Baseball took Josh Scharff from St. Louis to Yale, and now it’s placed him in the heart of Israel

For now, he is alone.

”I’m kind of like the crash test dummy over here,” he says over the phone, his voice stretching across eight time zones back to the United States. “We’ll see how it all shakes out.”

Scharff, 25, is the first participant in the fall pilot for the Masa Israel Sports Initiative’s Baseball Program launched by the Jewish Agency. His primary focus will be teaching baseball to the country’s youth, many of whom have never seen the game played before.

A Missouri native with Jewish roots, Scharff decided to apply for the program in June, and now finds himself in the streets of Tel Aviv as August comes to a close. Two years ago, he spent several months here as part of a fellowship program.

“I’ve been searching for an opportunity to get back” he says. “And all of a sudden this fell into my lap. It’s a great honor to give something back to Israel, make a positive impact and bring something that taught me so many amazing life lessons – – baseball – – to a lot of people here. It’s a really cool cross-cultural connection.”

Scharff’s baseball life began before he learned to walk.

“About the time I could stand up, my dad put a bat in my hand,” he says.

The 5-foot-10 first baseman played for a travel club as a teenager, touring around the country while developing skills that would eventually land him a spot at Yale.

A self-described “gap-to-gap” hitter, Scharff admits he was “not the fleetest of foot.” He collected 79 hits in 116 games at the college level, and his best season came as a senior in 2013, when he hit .284 with a homer and 11 RBIs.

Two years later, he’s ready to give back to the youth of Israel and build a baseball culture several thousand miles from home.

“I just want to teach them to fall in love with the game,” he says. “The amazing stories, amazing athletes, amazing personalities the game’s produced over the past century. It’s really a global game. All you need to do is find that niche here, and I think once you show people what a rich thing it actually is, it’ll start turning some heads.”

Scharff’s boss overseas is Nate Fish, who serves as Head National Team Coach of the Israel Association of Baseball (IAB). 

At this juncture, they’ve only really gotten to know each other over the past two days. But Fish is very familiar with Scharff’s strengths after the summer-long application process.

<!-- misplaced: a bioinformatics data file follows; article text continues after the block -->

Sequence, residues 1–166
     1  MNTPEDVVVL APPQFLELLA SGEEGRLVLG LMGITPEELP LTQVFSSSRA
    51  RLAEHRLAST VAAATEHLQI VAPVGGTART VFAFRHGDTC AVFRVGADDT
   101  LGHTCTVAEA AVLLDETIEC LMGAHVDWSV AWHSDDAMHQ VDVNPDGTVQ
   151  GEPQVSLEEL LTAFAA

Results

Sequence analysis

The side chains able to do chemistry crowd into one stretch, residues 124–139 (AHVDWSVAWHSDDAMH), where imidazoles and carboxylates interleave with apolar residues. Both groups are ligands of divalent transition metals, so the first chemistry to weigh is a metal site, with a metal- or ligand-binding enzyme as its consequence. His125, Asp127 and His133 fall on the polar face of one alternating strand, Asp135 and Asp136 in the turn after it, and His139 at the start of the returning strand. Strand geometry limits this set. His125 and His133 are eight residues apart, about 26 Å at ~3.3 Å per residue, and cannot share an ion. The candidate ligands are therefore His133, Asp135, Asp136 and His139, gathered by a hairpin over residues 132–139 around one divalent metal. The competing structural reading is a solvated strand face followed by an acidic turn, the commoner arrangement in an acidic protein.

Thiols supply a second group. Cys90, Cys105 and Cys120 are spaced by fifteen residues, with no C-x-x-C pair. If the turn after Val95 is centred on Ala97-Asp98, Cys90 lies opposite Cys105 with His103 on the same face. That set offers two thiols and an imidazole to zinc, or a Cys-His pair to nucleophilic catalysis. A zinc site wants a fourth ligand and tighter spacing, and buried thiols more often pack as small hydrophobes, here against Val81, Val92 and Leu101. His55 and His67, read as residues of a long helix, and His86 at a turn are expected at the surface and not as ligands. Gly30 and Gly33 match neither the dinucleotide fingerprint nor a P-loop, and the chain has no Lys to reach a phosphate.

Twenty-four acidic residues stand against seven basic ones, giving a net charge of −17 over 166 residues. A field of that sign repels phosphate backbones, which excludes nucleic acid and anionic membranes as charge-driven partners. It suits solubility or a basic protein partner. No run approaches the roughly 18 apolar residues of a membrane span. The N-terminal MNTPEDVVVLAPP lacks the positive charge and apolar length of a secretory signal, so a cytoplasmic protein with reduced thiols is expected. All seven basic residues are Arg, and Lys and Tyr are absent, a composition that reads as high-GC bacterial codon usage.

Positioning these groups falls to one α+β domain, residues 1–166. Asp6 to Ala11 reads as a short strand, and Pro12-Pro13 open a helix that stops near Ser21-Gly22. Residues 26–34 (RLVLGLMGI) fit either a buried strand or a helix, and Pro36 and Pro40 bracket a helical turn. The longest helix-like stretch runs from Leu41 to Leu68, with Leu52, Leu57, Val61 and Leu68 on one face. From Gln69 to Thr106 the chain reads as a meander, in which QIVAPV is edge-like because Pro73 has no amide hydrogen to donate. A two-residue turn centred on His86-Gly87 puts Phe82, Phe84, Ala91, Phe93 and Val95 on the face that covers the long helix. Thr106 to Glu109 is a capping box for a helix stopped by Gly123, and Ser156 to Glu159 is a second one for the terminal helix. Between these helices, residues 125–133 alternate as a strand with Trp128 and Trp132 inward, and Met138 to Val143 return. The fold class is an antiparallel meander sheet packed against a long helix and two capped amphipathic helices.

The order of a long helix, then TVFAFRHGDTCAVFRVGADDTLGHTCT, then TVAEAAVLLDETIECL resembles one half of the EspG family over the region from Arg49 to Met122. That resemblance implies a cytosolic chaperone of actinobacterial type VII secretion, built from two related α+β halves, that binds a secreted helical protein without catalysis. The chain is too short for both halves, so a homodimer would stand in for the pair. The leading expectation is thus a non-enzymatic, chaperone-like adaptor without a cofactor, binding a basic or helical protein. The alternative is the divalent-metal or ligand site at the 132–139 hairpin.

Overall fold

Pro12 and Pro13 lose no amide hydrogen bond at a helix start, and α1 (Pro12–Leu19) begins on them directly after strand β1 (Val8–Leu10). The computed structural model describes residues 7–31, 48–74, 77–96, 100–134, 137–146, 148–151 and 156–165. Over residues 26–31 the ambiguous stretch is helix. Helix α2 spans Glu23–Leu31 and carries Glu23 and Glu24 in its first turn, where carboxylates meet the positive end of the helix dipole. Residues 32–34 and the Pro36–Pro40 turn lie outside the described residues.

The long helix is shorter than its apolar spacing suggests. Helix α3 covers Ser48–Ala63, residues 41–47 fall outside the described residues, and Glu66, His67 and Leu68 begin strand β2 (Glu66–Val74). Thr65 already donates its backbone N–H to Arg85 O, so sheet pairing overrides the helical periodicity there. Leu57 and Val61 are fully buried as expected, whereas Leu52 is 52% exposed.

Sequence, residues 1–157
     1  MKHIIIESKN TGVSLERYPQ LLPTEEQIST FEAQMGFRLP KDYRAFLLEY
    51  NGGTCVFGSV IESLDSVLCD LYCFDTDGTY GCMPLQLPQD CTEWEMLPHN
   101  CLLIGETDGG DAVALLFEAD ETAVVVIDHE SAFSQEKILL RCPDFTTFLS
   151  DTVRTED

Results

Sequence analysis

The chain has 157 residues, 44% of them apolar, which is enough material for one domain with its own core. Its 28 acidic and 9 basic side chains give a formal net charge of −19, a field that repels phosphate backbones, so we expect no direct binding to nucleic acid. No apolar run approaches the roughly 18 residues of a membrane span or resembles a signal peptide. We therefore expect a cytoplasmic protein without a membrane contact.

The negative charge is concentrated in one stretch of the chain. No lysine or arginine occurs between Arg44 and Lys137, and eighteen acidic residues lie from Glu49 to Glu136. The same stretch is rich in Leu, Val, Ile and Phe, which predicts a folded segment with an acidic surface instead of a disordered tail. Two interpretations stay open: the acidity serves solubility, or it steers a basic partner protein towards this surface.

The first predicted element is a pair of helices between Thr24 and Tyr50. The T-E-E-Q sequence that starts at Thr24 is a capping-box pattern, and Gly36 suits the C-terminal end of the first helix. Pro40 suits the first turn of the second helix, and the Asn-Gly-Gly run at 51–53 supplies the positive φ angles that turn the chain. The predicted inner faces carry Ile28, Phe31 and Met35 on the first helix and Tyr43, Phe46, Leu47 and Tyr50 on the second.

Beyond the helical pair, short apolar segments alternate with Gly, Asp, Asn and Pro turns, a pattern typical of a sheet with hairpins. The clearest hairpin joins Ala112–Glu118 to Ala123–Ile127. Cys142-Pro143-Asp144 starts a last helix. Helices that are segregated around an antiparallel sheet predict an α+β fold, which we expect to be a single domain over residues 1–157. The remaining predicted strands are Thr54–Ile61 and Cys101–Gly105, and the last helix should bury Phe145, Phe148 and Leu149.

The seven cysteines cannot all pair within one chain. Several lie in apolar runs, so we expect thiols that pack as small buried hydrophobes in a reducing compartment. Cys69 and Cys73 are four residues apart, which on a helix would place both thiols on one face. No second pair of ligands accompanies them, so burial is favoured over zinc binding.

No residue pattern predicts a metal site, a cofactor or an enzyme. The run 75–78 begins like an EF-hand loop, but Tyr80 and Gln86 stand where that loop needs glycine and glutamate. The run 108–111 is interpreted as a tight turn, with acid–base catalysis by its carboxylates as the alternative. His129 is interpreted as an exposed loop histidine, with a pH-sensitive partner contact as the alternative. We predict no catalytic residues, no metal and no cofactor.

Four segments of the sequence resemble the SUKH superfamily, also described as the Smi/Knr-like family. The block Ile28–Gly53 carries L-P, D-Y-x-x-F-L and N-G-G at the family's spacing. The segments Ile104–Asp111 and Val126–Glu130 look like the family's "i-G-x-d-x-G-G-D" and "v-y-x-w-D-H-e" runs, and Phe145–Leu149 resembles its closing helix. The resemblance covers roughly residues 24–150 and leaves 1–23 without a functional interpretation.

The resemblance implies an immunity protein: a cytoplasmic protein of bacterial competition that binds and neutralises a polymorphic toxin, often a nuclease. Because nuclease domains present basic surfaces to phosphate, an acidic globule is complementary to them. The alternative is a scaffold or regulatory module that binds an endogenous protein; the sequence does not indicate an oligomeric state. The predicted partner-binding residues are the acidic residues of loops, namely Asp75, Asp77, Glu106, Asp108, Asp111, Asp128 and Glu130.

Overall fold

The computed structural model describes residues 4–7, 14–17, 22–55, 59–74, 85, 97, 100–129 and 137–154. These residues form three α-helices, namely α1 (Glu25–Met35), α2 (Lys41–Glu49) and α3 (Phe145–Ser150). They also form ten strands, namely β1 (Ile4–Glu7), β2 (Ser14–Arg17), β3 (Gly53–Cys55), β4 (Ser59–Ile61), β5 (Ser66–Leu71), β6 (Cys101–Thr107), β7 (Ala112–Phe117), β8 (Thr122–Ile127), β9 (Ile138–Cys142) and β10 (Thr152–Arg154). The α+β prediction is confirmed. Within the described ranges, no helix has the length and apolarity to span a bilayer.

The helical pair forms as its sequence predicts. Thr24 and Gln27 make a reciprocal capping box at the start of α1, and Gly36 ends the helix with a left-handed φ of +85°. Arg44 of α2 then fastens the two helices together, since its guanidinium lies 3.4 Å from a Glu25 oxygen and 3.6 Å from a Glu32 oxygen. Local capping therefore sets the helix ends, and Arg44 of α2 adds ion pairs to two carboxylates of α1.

“It doesn’t get much better than that if we’re talking about the kinds of skills and experiences we are looking for from applicants,” Fish writes in an email. “He is a capable dude, for sure, smart, good baseball background, but from what I have seen so far his best skill is his attitude.

“I can’t overstate how important that is for players coming on this program. Israel is a crazy country. They’re going to be dealing with a different set of living and playing circumstances than ever before, and their willingness to enjoy that and adjust will be the most important tool they have.”

Coming from a mixed faith background, Scharff says he was nevertheless raised in a “strong Jewish community,” and he lists Judaism as an important personal identifier.

He takes pride in his “Jewish journey,” and has developed a deep Hebrew vocabulary – – though he still needs a translator from time to time.

“There are funny things that happen with the language,” he says. “If you change a vowel you’ll say something very different than what you intended. You’re treading water a little bit and there’s never a dull moment.”

Scharff also needs some time to adjust socially, noting the quick pace around town.

“There’s not so much time for that ‘please’ and ‘thank you’ and all that,” he says. “You’ve got to be direct and to the point and not waste people’s time. It’s not a rude thing. People are very honest and blunt. I think it’s pretty cool.”

School begins soon, at which time Scharff will be thrust into the role of instructor.

If everything goes to plan, he will be the first of many participants in the Initiative. Scharff will lay the groundwork this fall, while many others will be applying to be part of Masa Israel’s five-month baseball program that runs from January to June next year.

The plan is to build a national baseball presence that can one day rival international behemoths such as the United States and Cuba. But for now, Scharff will be focused on making sure kids slide their fists together on the bat, and place their gloves on the correct hand.

It’s all about bridging the gap between Missouri and Tel Aviv.

“I know I’m a lot of miles away, and I’m sure my mom would prefer that I take the accounting job down the street from her in St. Louis,” he says.

“But this is special.”